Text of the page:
PubMed Abstract | CrossRef Full Text | Google Scholar

Chaytor, N., and Schmitter-Edgecombe, M. (2003). The ecological validity of neuropsychological tests: a review of the literature on everyday cognitive skills. Neuropsychol. Rev. 13, 181–197. doi: 10.1023/B:NERV.0000009483.91468.fb

PubMed Abstract | CrossRef Full Text | Google Scholar

Chen, G., King, J. A., Burgess, N., and O'Keefe, J. (2013). How vision and movement combine in the hippocampal place code. Proc. Natl. Acad. Sci. U.S.A. 110, 378–383. doi: 10.1073/pnas.1215834110

PubMed Abstract | CrossRef Full Text | Google Scholar

Cheron, G., Petit, G., Cheron, J., Leroy, A., Cebolla, A., Cevallos, C., et al. (2016). Brain oscillations in sport: toward EEG biomakers of performance. Front. Psychol. 7:246. doi: 10.3389/fpsyg.2016.00246

PubMed Abstract | CrossRef Full Text | Google Scholar

Chi, Y. M., Wang, Y.-T., Wang, Y., Maier, C., Jung, T.-P., and Cauwenberghs, G. (2012). Dry and noncontact EEG sensors for mobile brain-computer interfaces. IEEE Trans. Neural Syst. Rehabil. Eng. 20, 228–235. doi: 10.1109/TNSRE.2011.2174652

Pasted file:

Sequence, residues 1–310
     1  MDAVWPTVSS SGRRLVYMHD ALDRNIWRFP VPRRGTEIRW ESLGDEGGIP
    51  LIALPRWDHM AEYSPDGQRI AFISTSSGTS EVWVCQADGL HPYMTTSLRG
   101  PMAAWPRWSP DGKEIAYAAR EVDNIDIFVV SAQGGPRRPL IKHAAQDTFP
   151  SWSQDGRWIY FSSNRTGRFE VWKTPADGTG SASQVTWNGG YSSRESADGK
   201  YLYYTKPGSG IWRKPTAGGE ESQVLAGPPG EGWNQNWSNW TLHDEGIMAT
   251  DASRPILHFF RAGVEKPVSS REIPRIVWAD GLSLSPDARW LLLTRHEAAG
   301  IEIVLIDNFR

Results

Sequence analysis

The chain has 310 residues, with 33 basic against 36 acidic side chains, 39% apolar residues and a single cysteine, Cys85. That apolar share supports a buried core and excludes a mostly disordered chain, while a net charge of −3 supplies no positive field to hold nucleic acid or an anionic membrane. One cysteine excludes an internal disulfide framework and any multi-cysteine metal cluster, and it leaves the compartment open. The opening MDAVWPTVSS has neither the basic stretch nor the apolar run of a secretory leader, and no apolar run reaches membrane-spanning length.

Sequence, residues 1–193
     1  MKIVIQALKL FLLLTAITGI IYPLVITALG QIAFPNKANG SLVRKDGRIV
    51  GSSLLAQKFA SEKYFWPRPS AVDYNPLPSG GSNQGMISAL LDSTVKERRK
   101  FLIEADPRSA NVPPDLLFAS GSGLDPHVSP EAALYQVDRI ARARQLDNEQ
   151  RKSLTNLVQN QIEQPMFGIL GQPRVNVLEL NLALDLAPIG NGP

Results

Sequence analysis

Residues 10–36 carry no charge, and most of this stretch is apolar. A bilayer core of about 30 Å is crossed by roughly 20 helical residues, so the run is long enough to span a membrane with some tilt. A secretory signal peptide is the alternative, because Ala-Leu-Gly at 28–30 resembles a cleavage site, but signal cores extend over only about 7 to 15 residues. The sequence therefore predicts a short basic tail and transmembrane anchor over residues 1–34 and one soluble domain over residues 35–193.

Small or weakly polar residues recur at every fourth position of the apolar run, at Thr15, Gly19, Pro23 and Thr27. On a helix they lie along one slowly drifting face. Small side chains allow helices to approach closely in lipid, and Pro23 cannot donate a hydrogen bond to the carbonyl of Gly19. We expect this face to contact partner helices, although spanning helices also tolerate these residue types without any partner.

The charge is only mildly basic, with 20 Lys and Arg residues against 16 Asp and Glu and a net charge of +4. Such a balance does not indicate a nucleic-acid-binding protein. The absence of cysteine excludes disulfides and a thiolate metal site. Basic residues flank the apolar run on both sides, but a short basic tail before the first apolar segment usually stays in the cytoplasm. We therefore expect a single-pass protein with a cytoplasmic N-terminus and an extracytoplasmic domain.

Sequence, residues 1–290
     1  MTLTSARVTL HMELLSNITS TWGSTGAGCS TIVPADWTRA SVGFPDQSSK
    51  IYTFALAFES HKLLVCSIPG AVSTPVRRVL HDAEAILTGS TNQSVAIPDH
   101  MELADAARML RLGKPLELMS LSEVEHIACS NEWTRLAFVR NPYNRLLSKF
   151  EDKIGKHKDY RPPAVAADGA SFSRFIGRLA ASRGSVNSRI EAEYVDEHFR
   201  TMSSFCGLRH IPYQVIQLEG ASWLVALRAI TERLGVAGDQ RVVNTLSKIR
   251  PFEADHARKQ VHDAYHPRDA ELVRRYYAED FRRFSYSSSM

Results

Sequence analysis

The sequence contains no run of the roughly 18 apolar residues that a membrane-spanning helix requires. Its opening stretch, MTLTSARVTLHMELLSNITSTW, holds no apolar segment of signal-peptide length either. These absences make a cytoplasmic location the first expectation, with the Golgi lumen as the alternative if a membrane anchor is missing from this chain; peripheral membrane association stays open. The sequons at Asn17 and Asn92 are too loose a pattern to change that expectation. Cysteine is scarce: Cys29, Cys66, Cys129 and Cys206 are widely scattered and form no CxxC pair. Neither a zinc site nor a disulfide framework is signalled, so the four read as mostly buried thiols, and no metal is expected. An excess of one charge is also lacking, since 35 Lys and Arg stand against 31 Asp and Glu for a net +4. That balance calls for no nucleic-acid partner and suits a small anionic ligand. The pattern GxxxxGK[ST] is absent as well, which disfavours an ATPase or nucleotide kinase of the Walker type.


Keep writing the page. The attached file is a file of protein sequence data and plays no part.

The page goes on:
PubMed Abstract | CrossRef Full Text | Google Scholar

Chiel, H. J., and Beer, R. D. (1997). The brain has a body: adaptive behavior emerges from interactions of nervous system, body and environment. Trends Neurosci. 20, 553–557. doi: 10.1016/S0166-2236(97)01149-1

PubMed Abstract | CrossRef Full Text | Google Scholar

Clark, A. (1997). Being There: Putting Brain, Body, and World Together Again. Cambridge, MA: The MIT Press.

Google Scholar

Clark, A. (1999). An embodied cognitive science? Trends Cogn. Sci. 3, 345–351.

PubMed Abstract | Google Scholar

Debener, S., Emkes, R., De Vos, M., and Bleichner, M. (2015). Unobtrusive ambulatory EEG using a smartphone and flexible printed electrodes around the ear. Sci. Rep. 5:16743. doi: 10.1038/srep16743

PubMed Abstract | CrossRef Full Text | Google Scholar

Debener, S., Minow, F., Emkes, R., Gandras, K., and de Vos, M. (2012). How about taking a low-cost, small, and wireless EEG for a walk? Psychophysiology 49, 1449–1453. doi: 10.1038/srep16743